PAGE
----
The EU’s 2021 Renewable Energy Directive attempted to address some of these concerns and implement regulation on the bioenergy sector. The Directive made a requirement for proof of suitable land and forest management to reduce the risk of harmful land-use change carbon debt.
The Directive ruled that biomass fuels could not come from protected and highly biodiverse and that forest biofuels could not come from areas of conservation. Also, that the productivity capacity of forests must not be reduced and that any sourcing from forests must minimise the impact of soil quality and biodiversity.
In May 2020 the European Commission announced its policy strategy aimed at recovering biodiversity by 2030. The EU Biodiversity Strategy for 2030 is set out as a “comprehensive, ambitious, long-term plan for protecting nature and reversing the degradation of ecosystems”. While the Strategy did not include any legal proposals in relation to bioenergy, its recognised that the strategy could be worked into reviews of legislation affecting biofuels and biomass.
The commission is assessing, until the end of 2020, EU and global biomass supply, demand and sustainability. The assessment will feed into the commission’s review and revision of renewables targets, the emissions trading scheme, and the EU’s regulation on land use, land use change and forestry “where necessary” in 2021.
EU biomass fuel sustainability criteria
• Biomass fuels from energy crops must not come from protected and highly biodiverse land.
• Biomass fuels from forests must not come from areas of conservation.
• Biomass fuels must not reduce the long-term production capacity of the forest.
• The sourcing of biomass fuels from forests must minimise the impact of soil quality and biodiversity.
• You must be able to prove that biomass wood was legally harvested.
The commission will also review data on biofuels with high indirect land-use change risk (ILUC) in 2021. The review aims to ensure EU laws on bioenergy are in line with the European Green Deal’s increased ambition, notably its target of a 50 per cent reduction in EU emission reductions by 2030 from 1990 levels, up from 40 per cent previously.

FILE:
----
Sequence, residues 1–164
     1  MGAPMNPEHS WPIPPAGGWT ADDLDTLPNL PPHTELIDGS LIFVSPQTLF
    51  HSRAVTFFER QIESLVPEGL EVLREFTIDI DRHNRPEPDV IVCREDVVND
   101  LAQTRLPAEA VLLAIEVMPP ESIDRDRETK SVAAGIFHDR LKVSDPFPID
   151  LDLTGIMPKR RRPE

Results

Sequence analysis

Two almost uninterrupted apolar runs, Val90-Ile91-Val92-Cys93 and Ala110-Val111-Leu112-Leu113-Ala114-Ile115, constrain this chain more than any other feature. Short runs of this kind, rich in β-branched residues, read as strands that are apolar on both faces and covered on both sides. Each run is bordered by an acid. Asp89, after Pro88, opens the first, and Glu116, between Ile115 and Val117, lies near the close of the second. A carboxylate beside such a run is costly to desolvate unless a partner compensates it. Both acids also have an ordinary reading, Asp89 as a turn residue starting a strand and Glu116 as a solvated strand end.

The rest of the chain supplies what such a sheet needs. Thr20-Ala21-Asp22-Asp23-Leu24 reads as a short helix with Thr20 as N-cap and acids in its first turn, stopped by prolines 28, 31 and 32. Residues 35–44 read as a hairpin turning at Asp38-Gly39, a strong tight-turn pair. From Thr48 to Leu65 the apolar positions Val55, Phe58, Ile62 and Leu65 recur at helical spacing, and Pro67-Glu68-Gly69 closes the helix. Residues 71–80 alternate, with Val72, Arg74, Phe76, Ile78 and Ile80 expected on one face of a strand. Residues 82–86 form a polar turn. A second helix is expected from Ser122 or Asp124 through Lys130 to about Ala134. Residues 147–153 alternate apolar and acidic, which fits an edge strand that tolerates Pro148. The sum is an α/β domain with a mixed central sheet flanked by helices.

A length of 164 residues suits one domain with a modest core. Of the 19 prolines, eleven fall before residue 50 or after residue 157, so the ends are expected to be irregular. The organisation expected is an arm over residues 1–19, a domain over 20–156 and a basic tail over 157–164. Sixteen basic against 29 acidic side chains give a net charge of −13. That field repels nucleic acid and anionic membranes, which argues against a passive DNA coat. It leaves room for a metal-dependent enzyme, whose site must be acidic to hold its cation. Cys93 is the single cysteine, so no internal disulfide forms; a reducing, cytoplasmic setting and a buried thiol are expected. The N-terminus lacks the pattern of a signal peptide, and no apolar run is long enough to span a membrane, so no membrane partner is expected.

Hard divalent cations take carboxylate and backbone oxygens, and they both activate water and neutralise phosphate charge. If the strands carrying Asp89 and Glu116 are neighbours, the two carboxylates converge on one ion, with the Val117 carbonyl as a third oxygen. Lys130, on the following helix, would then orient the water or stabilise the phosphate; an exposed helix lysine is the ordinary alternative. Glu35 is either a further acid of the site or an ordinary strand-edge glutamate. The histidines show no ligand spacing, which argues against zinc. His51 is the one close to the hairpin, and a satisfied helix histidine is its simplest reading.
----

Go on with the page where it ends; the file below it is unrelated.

Analysis suggests that Ireland could meet up to 20 per cent of its current energy demand from domestic bioenergy demand by 2030, however, strict regulation and policy would be required to not only give confidence to the industry but also ensure that bioenergy is produced in a sustainable manner.
The decarbonisation of heat will be a much more difficult challenge than that of electricity and while a decarbonised electricity system will have a role to play in the future decarbonisation of heat through technologies such as heat pumps and district heating schemes, electrification alone will not achieve current targets in a timely manner.
To this end, bioenergy, with its ability to replace fossil fuels, create jobs and aide with rural regeneration will be under greater consideration from Government.
While biomass, specifically the burning of wood for fuel, is the most prominent use of bioenergy globally, biomethane (biogas) is a recognised clean, renewable and carbon neutral fuel with potential to be used in heat, electricity and transport.
Ireland has the highest potential for renewable gas production per capita in Europe with 13 TWh achievable by 2030, the EU commission found, based on its large agricultural sector.